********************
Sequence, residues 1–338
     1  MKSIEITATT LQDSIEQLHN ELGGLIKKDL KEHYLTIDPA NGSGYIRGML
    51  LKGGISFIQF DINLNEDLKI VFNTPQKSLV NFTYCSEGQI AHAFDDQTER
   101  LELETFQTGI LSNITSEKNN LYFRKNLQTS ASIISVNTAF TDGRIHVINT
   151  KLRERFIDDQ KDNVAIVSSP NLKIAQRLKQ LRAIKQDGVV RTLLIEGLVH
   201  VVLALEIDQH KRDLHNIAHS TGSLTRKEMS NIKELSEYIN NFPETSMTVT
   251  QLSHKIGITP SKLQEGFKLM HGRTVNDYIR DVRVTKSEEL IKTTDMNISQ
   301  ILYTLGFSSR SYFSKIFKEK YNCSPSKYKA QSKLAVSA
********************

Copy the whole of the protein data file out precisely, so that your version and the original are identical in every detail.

Sequence, residues 1–338
     1  MKSIEITATT LQDSIEQLHN ELGGLIKKDL KEHYLTIDPA NGSGYIRGML
    51  LKGGISFIQF DINLNEDLKI VFNTPQKSLV NFTYCSEGQI AHAFDDQTER
   101  LELETFQTGI LSNITSEKNN LYFRKNLQTS ASIISVNTAF TDGRIHVINT
   151  KLRERFIDDQ KDNVAIVSSP NLKIAQRLKQ LRAIKQDGVV RTLLIEGLVH
   201  VVLALEIDQH KRDLHNIAHS TGSLTRKEMS NIKELSEYIN NFPETSMTVT
   251  QLSHKIGITP SKLQEGFKLM HGRTVNDYIR DVRVTKSEEL IKTTDMNISQ
   301  ILYTLGFSSR SYFSKIFKEK YNCSPSKYKA QSKLAVSA